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The Experience of Colour: Astrazione Oggettiva

13 April - 31 July 2016

A review by Tony Blackmore

©Copyright Patrick Morrissey and Clive Hancock  All rights reserved.

The Estorick Collection, the reference point for Italian modern art in London, recently hosted the exhibition The Experience of Colour: Astrazione Oggettiva.  Curated by Giovanna Nicoletti, Astrazione Oggettiva is the term used to describe the work of a small group of painters who were active in the 1970s in the Trentino region of northern Italy.

Led by Luigi Senesi (1938-78) and Aldo Schmid (1935-78), the all-male group was created when the younger artists Mauro Cappelletti (b.1948), Diego Mazzonelli (1943-2014), Gianni Pellegrini (b.1953) and Giuseppe Wenter Marini (1944-2015) joined in 1976.  Each artist had a joint role as both researcher and investigator; they all put colour at the centre of their aesthetic investigations and sought analytical methods of painting as a starting point to engage the public in a wider debate.

Showing over three rooms, the exhibition featured pieces created by each group member in 1976-77.

Horizontal Margins, Luigi Senesi, 1977.  Acrylic on canvas.  Image by Tony Blackmore.

Luigi Senesi’s works Objective Subjective Transparency (Central Margins) and Horizontal Margins each contain progressive and graduated chromatic structures with the central placement (either vertical or horizontal) of a white band resembling a white blade of light.  Although Horizontal Margins is a welcome break from the dominance of the vertical compositions in Room 1, both pieces use graduating bands of colour on both sides of the white band; each is an approximate inverse of the other.  This creates a composition in which movement is created from left to right and from right to left - and further - by the lateral structured arrangement of the individual bands of blended colour.

Progression, Luigi Senesi, 1977.  Acrylic on canvas.  Image by Tony Blackmore.

When not creating a dynamic through the temporal arrangement of the composition, Senesi manages to create tension by employing triads of secondary colours, where each is pulled in two directions, such as in Progression (1977).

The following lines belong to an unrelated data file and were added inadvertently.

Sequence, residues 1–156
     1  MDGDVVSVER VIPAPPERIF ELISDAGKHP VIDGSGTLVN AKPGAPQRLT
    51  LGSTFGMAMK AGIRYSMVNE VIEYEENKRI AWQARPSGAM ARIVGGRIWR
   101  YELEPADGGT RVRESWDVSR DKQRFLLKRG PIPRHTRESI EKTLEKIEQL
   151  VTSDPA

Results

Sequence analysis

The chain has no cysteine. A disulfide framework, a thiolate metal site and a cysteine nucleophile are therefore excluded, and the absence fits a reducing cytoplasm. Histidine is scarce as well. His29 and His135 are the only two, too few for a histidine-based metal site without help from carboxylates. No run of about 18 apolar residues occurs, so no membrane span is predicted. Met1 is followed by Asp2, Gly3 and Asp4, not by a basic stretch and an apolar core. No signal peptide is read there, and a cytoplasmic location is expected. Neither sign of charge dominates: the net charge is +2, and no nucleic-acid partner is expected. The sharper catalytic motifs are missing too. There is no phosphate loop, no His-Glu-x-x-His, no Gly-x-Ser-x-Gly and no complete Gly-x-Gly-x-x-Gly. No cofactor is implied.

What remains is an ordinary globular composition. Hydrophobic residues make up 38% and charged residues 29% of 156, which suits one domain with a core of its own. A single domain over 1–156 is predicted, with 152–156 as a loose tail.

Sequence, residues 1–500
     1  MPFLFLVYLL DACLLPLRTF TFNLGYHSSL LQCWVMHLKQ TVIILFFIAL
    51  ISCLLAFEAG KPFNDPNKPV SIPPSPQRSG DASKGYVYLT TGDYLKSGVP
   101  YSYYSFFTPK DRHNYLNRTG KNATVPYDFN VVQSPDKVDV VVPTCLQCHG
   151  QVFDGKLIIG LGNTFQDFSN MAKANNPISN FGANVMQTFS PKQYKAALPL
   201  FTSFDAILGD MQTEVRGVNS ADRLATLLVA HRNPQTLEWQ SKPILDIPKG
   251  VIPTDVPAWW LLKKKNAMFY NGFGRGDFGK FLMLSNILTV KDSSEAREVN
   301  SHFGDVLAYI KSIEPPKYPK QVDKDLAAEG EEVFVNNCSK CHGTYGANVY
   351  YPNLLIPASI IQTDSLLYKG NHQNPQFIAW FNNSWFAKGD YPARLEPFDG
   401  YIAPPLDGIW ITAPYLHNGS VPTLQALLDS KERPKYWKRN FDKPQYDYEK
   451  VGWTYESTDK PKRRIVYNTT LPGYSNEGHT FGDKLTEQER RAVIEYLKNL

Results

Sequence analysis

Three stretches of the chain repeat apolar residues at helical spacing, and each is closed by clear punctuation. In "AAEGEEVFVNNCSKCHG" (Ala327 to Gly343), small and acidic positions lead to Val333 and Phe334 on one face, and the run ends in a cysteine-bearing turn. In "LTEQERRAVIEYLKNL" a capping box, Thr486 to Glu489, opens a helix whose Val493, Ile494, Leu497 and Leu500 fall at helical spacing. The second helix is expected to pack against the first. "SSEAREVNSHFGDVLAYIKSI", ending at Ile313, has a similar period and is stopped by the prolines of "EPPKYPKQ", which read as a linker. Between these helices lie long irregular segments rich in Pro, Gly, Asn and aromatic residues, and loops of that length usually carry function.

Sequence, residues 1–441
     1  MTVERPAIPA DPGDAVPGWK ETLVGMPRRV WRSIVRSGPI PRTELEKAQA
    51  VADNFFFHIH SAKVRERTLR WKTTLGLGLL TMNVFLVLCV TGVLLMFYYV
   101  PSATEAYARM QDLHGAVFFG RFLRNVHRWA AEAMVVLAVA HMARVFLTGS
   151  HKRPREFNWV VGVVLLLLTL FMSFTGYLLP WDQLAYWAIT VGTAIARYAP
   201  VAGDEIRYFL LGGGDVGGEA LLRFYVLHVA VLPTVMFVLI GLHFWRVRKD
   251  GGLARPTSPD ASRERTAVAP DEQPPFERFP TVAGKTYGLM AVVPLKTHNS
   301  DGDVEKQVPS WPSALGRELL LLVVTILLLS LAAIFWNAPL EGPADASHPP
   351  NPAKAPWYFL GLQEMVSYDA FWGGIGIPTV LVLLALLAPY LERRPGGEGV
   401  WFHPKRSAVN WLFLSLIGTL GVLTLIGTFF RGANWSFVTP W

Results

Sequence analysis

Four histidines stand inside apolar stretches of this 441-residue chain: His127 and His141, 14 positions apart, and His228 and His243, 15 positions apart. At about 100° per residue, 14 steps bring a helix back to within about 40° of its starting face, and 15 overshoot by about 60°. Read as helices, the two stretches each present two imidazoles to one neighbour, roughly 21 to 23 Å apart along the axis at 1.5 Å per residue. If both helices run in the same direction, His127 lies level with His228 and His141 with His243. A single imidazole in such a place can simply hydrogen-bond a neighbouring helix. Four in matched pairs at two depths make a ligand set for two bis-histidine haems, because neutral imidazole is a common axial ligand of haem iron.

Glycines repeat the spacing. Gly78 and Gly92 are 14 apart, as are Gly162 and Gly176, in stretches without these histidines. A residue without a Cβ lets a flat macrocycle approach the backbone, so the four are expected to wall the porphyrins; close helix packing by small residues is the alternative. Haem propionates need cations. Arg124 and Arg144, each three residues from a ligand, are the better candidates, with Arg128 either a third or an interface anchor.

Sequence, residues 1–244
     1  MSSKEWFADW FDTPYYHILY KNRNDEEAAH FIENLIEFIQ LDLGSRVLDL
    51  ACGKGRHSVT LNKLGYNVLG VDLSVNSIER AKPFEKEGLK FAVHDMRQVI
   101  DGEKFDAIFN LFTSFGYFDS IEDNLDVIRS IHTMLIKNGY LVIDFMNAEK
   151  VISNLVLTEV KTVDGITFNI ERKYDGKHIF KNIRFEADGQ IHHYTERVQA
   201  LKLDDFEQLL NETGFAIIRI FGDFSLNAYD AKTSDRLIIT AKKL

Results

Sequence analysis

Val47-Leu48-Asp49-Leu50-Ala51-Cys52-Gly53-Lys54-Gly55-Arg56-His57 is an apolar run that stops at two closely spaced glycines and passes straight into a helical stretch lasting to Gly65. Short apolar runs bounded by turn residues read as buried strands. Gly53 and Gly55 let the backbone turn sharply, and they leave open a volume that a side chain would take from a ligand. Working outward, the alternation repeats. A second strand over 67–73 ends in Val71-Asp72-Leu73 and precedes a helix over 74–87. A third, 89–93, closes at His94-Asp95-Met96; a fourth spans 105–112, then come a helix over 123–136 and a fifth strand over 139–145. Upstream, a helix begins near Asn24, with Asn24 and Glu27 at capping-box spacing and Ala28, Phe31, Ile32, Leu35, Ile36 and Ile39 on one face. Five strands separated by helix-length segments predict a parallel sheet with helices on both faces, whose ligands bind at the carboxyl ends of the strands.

Aldo Schmid, whose work is prevalent in Room 2, adopts a structural approach, using pairings of bands of colour, but he moves much further towards employing only colour in constructing the composition. Schmid’s work can be divided into two types of paintings. In the first, the impression of light is created by the two complementary colours, in graduating tones, positioned parallel to one another, as in Contrast Gi/AB/V, 1977. The second type is a more complex colour pairing, as in Untitled y1 or Untitled-1976-77, where the perception of light is created by two different pairings, each containing two colours.

Untitled y1, Aldo Schmid, 1976-1977.  Acrylic on canvas.  Image by Tony Blackmore.

The sensory experience is created by the impression of diffused light in the regions of canvas where red appears to be blended into green, and orange into violet.  In addition to both vertical edges of the canvas and the central axis, where the two colour pairings meet, each region of diffused light forms additional vertical spines.  Painted on larger canvases than the other work on show, these hazy areas are painted and contained within fields of pure colour: they have a direct impact on the viewer similar to the reaction one might have to a James Turrell installation.

Whereas Senesi and Schmid both use colour as a means of direct pictorial organisation, the four other artists appear to be equally concerned with shape and line. In his compositions, Diego Mazzonelli primarily investigates the ‘absorbency’ of black.  In Untitled Triptych in Room 1, black unquestionably acts as the void in which shapes of solid ultramarine and purple float.

Untitled, Diego Mazzonelli, 1976. Serigraph on paper.  Image courtesy of the Estorick Collection.

In Untitled, 1976, my interpretation of the black is more ambiguous.  Due to the large area that the rectangles of black occupy in relation to the entire composition, they operate equally well as either an oppressive solid or a void.  In conjunction with the structural framework of the cobalt blue and ultramarine violet, the three colours stabilise one another and act as a balanced whole -  the lack of perceived movement in the blue and violet framework supports either the weight, or the weightlessness, of the black.